First Posted: 8/3/2009
This past weekend, I went to cover a bull ride at Nothing Fancy Farm.
The first thing everyone has asked me after learning I went to a bull ride is So, did you ride a bull?
No. I did not ride a bull. I have no desire to ride a bull. But, I do have great admiration for those who do. The riders I talked to Saturday night are all incredibly dedicated to their sport. Yes, bull riding is a sport. They practice and train just like any other athlete. They go out and face an adversary, the bull, which determines whether or not they are victorious, if they make it a full eight seconds or not.
These men and women, and yes, there were two women riders at this event, know the risks when they settle onto the back of that bull and still they show up at event after event and dare that bull to hurt them.
As I watched rider after rider get thrown from the backs of bulls, I questioned their sanity. Why on earth would you get on the back of an animal knowing that the only way off if flying through the air? However, as I talked to them after their rides, I realized that their motivations for continuing to ride are similar to those of athletes such as football players who go out onto the field day after day and literally take a beating from tackles.
These men and women go out there for the adrenaline rush of course, but many also go with a goal in mind. They go out there to make it on the Professional Bull Riders circuit and to be world champions. Others go out there because of the support they receive from their families to continue.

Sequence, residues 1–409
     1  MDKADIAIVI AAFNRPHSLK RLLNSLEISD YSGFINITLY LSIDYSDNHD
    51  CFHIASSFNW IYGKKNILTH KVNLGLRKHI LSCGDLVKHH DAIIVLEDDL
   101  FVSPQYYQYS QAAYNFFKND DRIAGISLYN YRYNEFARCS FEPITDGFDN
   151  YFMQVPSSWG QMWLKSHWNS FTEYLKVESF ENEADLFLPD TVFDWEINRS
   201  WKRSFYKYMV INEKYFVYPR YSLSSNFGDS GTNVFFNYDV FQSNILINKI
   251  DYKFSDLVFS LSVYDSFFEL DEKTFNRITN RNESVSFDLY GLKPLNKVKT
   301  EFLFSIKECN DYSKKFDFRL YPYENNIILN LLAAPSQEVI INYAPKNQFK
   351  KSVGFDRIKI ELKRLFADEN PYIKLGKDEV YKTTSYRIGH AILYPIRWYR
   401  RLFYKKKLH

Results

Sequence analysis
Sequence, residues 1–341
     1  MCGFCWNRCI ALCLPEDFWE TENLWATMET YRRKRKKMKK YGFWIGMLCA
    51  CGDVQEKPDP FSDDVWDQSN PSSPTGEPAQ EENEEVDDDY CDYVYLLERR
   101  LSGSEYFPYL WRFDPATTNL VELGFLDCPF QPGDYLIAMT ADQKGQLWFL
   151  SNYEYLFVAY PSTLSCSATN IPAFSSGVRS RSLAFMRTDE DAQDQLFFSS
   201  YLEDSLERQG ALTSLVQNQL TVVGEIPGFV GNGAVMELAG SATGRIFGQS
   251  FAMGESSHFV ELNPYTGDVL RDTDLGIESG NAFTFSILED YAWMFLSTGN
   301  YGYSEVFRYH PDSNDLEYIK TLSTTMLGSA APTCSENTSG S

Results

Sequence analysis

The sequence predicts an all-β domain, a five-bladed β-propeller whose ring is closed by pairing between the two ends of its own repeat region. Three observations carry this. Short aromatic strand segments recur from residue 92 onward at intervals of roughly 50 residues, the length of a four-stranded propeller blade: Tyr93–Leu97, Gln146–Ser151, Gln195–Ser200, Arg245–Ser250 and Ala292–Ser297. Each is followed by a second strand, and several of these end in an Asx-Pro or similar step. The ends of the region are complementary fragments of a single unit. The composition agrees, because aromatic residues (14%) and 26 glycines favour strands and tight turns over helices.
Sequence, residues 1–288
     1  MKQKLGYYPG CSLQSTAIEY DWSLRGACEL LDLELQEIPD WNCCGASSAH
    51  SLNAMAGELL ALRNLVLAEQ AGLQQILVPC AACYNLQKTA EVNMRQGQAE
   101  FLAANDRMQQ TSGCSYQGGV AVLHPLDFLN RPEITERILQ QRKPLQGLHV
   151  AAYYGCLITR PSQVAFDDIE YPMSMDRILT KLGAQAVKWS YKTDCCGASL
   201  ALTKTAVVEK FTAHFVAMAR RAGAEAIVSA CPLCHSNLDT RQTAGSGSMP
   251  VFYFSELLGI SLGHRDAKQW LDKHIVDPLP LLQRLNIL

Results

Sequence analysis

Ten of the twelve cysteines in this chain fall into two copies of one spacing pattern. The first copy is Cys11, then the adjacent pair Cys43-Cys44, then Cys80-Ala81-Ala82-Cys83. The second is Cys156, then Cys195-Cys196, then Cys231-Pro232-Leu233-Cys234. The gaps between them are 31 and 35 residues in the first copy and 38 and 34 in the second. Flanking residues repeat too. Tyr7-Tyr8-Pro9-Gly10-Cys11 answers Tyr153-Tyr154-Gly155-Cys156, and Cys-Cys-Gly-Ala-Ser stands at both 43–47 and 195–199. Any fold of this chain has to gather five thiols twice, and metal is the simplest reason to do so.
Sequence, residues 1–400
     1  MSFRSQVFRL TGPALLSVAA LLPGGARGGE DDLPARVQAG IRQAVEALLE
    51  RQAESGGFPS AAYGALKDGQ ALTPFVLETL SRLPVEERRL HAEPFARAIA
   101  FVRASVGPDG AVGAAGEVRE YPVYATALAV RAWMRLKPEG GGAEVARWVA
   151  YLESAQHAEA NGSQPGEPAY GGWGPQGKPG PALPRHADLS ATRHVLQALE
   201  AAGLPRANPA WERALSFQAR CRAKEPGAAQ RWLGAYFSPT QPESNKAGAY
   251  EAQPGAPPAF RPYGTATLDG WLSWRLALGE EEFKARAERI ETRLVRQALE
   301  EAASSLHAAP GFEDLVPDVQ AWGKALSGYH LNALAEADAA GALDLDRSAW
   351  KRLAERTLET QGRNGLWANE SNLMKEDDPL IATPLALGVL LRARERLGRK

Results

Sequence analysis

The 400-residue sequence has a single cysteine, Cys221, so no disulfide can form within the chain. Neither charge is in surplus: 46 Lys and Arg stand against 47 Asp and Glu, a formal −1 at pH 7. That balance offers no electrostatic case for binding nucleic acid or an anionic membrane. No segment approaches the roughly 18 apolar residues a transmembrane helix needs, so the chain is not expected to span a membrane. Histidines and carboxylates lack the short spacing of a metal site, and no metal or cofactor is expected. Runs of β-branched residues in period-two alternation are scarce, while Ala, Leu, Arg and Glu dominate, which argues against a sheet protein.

For these men and women, bull riding is one of their passions in life. It is often a release from the daily stresses.
After watching them ride and talking to them afterwards, I felt an even deeper respect for what they do. The spectators at the ride I was at obviously felt that respect as well. Bull riding provides great entertainment, but it is even more than that. It provides an escape from the trouble of the real world for a few hours.
People have been riding bulls for hundreds of years and the sport has changed very little in that time. One of the biggest changes probably happened this year with the new requirement that riders wear chest protectors. There is something comforting about knowing that some things never change.
Those young and old can come together to cheer on their favorite riders as well as those who seem to be going all the way. It is a time for community members to come together and just have a good time. There are few things left in the world that allow that to happen.
Morgan Wall is a staff reporter for The Mount Airy News. She can be reached at [email protected] or 719-1929.